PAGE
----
Continuous improvement in therapy diagram

I was doing some work for an upcoming talk when I came across this diagram. It is used in project quality management. It is a standard flowchart for designing continuous improvement. There are hundreds of examples of things like this. What I found particularly interesting is that if you look at it from the point of view of personal therapy, it is the basis for almost all therapeutic interventions.


Continuous improvement in therapy

The diagram starts off by asking "where are we today?" in comparison with where we want to be, or where we think we should be. You are then asked to visualize where you want to be. The next question is "how do we get there?". This gets the client to think about what has to be done to move in the direction of the desired state. The client is then invited to visualize exactly what the desired state will look like, and how they will feel, when it is achieved. This is the basis of most NLP therapy and the modelling of excellence.

The next stage is Gap Analysis. "Where are we now are versus where we want to be?". This determines the size of the problem. It naturally leads to an analysis of what has to be done to close the gap. From that, the gap can be broken down into smaller pieces and each tackled individually. Then the question is "what do we need to tackle first?". The various issues can be prioritised. You then focus your attention on those key features that will have the biggest impact.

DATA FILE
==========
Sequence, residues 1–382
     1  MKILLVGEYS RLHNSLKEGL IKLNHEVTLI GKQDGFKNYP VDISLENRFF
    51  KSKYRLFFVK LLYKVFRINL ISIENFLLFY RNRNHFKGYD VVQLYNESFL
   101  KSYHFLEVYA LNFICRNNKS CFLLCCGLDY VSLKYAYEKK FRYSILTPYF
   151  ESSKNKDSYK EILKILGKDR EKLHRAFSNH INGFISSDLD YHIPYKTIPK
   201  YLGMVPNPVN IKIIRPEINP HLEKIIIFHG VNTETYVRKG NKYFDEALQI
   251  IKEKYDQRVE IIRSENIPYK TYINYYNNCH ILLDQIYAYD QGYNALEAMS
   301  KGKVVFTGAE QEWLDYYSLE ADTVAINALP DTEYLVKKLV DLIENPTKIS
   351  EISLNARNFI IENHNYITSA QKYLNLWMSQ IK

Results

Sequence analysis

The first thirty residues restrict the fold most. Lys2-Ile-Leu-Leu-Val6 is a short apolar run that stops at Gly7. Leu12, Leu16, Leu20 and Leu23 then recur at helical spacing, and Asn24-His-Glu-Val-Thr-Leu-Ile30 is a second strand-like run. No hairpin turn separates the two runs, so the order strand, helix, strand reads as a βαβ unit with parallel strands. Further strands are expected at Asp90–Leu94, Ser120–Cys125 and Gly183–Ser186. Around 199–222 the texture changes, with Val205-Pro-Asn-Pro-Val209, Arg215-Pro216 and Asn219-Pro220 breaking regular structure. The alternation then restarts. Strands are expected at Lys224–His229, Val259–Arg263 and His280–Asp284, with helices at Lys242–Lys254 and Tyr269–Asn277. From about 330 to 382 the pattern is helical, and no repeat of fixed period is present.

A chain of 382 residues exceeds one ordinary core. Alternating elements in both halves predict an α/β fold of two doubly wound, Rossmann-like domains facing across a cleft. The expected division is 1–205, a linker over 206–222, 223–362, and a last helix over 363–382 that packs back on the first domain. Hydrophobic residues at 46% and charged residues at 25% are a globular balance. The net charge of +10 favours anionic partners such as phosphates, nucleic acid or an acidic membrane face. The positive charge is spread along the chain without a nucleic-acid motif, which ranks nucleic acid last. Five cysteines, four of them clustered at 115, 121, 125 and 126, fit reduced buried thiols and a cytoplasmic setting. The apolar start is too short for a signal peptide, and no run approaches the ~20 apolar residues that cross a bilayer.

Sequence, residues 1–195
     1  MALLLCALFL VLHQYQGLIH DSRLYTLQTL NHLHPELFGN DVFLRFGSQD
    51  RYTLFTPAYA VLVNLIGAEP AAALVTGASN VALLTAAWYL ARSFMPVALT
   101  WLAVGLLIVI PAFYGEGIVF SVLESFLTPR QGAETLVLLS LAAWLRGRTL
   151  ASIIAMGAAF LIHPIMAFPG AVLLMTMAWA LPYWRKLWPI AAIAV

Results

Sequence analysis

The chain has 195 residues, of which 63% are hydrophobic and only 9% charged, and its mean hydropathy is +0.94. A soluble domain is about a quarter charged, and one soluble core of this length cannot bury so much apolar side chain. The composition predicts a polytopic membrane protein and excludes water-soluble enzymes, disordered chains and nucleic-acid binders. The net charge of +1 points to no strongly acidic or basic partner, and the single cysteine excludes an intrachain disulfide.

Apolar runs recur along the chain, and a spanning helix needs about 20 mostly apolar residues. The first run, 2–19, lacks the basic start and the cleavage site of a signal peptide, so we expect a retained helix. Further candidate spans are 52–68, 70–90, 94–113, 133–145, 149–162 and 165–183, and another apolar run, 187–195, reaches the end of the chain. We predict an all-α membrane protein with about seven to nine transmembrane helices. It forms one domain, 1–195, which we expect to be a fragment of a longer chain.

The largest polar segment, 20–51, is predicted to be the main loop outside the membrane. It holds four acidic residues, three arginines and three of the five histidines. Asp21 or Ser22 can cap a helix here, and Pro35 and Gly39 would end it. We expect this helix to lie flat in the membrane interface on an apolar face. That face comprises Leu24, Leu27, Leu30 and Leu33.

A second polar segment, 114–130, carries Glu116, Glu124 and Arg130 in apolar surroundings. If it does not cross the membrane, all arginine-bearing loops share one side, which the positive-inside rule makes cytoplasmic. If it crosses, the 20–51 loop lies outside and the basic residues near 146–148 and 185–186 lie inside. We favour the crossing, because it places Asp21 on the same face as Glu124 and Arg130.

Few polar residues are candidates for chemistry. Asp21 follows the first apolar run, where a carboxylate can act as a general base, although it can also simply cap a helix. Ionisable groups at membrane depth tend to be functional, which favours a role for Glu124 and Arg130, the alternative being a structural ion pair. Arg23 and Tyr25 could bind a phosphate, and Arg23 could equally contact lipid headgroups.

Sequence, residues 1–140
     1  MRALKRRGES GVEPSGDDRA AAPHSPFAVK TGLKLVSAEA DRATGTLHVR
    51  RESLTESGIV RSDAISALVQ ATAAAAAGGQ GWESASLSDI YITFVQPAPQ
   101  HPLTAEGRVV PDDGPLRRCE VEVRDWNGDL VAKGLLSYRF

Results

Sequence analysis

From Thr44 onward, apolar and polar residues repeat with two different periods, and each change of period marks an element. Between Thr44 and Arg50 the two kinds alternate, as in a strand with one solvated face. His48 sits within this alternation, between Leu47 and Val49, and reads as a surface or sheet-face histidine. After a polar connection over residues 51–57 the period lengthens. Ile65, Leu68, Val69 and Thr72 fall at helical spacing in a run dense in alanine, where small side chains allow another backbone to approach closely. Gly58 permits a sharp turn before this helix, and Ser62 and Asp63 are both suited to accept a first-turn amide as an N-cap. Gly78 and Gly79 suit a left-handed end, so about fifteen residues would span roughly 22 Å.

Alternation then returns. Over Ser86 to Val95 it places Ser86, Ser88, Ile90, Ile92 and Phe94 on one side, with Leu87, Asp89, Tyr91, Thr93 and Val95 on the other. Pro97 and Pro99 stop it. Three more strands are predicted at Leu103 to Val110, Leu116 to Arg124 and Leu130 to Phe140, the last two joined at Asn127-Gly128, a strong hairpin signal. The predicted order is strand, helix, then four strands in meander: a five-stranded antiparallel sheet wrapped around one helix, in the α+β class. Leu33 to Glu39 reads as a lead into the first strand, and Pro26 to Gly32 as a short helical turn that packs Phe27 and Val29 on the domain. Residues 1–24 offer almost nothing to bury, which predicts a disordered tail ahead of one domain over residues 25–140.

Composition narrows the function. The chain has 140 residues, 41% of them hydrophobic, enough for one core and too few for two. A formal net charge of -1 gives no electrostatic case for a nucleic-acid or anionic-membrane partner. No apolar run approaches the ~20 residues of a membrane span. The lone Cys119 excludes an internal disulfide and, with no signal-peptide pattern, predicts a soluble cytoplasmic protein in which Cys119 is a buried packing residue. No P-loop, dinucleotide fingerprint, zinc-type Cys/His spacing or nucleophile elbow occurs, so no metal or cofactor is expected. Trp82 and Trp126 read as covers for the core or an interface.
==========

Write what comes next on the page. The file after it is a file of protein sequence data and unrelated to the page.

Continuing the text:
Continuous Improvement Action Plan

Once you know what has to be done, in what sequence, you can begin to work on an action plan. For each action plan the client can decide whether they personally have enough resources, or whether they need help from other people. The client then lays out in detail everything that they have to do personally, and everything that they need to ask other people to do.

The action plan gets started, and then the client measures progress is that with the expected progress. If it isn't working, then they go back and change the action plan. The action cycle continues: measure the outcome, the back to the plan, to a new action, measure the outcome and check whether it is achieving the desired outcome. When all the planned actions have been finished, it is time to reassess the situation. At that point the therapist and the client discuss where they are compared with where they want to be. And the whole cycle starts again.

They say that there is nothing new under the sun. The things that we therapist do to try to improve people's lives are in no way unique. And certainly, looking at the therapy process from the perspective of quality management gives an interesting way of reassessing what we do.

David Mason

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